equation solving – Why isn’t this expression returning true to being positive when it is clearly positive?

Consider:

Expre10 = (B^2/C + 2 B + B^2/D + (B C)/D + (B D)/C) + 
   1 (C + D) - (A (Beta) (Sigma))/(B C D) (C + D);
Assuming({A > 0, B > 0, C > 0, 
  D > 0, (Beta) > 0, (Sigma) > 0, (A (Beta) (Sigma))/(B C D) <=  
   1}, Simplify(Expre10 > 0))

Returns the inequality:

B (B + C) (B + D) > A (Beta) (Sigma)

But we clearly see if (A (Beta) (Sigma))/(B C D) <= 1 holds then our inequality will always be true, so why am I getting the wrong output?

real analysis – Mid-point convex measurable subset of $mathbb{R}$ with positive Lebesgue measure is an interval

The question is right as the title:

Let $E$ be a measurable subset of $mathbb{R}$ w.r.t. Lebesgue measure, and has positive measure. For any $x,yin E$, $frac{x+y}{2}in E$. Prove that $E$ is an interval(like $(a,b),(a,b),(a,b)$ etc., possibly infinity endpoint).

The hint is to find some function on it, and I tried looking at its characteristic function, but I have no clue.

factorial – If n is a positive integer that is four digits long and is relatively prime to 100!, why must n be prime?

Suppose there is some positive integer n that is four digits long and is relatively prime to 100! (meaning n and 100! have no common factors other than 1). n must be prime, but why?

100! is a composite number, but composite numbers can be relatively prime to other composite numbers, so that can’t be the reason n is prime. n being four digits long and 100! having factors that are all less than four digits must have something to do with it, but I can’t wrap my head around the exact reason.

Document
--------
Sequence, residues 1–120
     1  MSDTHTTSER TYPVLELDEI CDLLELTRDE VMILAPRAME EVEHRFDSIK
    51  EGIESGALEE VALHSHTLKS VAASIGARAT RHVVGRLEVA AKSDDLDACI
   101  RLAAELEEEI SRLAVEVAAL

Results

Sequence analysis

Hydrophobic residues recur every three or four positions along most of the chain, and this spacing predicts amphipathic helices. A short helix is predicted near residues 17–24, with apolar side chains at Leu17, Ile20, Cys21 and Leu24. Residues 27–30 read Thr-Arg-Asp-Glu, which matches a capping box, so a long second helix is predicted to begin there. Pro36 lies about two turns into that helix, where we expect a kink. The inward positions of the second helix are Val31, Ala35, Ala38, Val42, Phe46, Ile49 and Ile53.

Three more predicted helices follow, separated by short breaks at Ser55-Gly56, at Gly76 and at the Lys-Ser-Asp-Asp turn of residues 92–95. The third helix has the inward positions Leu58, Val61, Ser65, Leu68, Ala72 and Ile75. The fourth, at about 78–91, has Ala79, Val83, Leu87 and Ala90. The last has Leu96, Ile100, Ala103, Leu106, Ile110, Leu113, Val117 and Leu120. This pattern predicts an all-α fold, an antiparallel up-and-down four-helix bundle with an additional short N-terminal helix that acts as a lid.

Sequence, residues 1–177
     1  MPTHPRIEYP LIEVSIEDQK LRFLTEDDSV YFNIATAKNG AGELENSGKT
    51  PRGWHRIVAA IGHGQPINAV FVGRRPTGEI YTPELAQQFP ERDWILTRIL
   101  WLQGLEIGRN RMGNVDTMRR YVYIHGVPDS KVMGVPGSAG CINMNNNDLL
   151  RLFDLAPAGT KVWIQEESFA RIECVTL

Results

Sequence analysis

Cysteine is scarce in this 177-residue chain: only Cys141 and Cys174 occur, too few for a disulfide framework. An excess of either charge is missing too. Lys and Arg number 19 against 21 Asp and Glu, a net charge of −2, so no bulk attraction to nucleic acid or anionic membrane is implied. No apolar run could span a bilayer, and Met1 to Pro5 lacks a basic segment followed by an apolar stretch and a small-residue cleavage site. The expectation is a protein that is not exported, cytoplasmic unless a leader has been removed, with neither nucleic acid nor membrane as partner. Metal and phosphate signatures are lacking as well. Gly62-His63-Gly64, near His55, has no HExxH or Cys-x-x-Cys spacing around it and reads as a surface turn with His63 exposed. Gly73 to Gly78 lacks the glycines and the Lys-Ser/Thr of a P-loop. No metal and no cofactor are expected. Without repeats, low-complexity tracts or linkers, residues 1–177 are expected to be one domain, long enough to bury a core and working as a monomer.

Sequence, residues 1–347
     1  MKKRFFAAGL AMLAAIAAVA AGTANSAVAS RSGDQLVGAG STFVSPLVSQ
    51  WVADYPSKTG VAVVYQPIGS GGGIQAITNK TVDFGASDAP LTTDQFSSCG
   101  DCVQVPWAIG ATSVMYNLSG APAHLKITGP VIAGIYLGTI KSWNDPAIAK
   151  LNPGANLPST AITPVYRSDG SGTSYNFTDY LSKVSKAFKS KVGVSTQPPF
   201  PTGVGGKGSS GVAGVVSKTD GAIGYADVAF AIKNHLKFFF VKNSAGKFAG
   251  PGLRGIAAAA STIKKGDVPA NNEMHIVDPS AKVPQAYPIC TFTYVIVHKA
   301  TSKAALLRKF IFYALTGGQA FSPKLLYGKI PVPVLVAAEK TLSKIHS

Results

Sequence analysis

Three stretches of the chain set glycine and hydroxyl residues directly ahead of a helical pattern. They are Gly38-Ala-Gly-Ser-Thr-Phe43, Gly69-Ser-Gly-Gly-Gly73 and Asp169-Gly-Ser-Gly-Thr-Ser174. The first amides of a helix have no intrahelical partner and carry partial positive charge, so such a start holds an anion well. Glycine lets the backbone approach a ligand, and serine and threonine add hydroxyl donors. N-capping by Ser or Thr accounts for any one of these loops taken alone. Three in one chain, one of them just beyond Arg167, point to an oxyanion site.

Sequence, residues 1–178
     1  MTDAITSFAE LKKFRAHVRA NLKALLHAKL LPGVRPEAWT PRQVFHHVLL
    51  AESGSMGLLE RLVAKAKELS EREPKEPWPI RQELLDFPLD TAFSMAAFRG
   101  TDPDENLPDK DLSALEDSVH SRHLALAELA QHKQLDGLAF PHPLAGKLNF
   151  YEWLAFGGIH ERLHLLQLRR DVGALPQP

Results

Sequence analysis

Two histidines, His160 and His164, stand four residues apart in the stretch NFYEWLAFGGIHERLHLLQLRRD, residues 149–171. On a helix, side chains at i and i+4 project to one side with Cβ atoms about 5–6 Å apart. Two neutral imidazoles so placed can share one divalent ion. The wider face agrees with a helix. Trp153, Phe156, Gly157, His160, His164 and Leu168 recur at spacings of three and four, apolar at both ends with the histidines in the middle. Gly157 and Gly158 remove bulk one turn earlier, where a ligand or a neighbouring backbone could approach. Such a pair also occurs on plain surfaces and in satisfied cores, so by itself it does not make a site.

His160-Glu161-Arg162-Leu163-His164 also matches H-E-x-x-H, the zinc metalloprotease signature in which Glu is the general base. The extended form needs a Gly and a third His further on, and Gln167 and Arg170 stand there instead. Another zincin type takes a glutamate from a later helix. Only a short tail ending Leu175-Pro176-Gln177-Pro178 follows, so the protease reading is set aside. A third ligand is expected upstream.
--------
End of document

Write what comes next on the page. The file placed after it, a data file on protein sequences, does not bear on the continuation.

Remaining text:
So, why does n have to be prime in this situation?

linear algebra – Inner product matrix have positive determinant

Suppose $|v_1rangle, |v_2rangle ,cdots |v_krangle in S_N$ and suppose a matrix $G$ form by the inner product of these vectors
$$G_{ij}=langle v_i|v_jrangle $$
I’m trying to prove that $text{det} (G)geq 0$ where equality hold for if vectors are linearly dependent.


Since
$$langle v_i|v_jrangle =langle v_j|v_irangle ^*rightarrow G_{ij}=G_{ji}^*rightarrow G=G^dagger$$
this means that eigenvalues will be positive. In the diagonal form,
$$G=text{diag}(g_1,g_2,cdots ,g_k)$$
The determinant can be written as
$$text{det}(G)=prod_ig_i$$
To prove this is positive, We can prove that all the eigenvalues are positive but that is much more restrictive. I’m not sure, How do I proceed? Please help me with this.

algebraic number theory – Extension of morphism in local fields of positive characterisic

Consider $theta:mathbb F_q(T)mapstomathbb F_q(T)$ defined by $theta(Q)=Q(T^q)$. It is a morphism of fields. Let $P$ be an irreducible polynomial of $mathbb F_q(T)$. Then, $theta$ can be uniquely extended to $mathbb F_q(T)_P$ by continuity (denote it $theta$ again), where $mathbb F_q(T)_P$ is the completion of $mathbb F_q(T)$ for the topology induced by the $P$-valuation . It is a morphism of fields yet and for every $xin K_P$, one has $theta(x)=x^q$.
My question: can $theta$ be extended continuously to $Omega_P$, the topological closure of an algebraic closure $overline{K_P}$ of $K_p$ such that $theta$ is a morphism of fields in $overline{K_P}$ and $theta(x)=x^q$ for any element $xinoverline{K_P}$?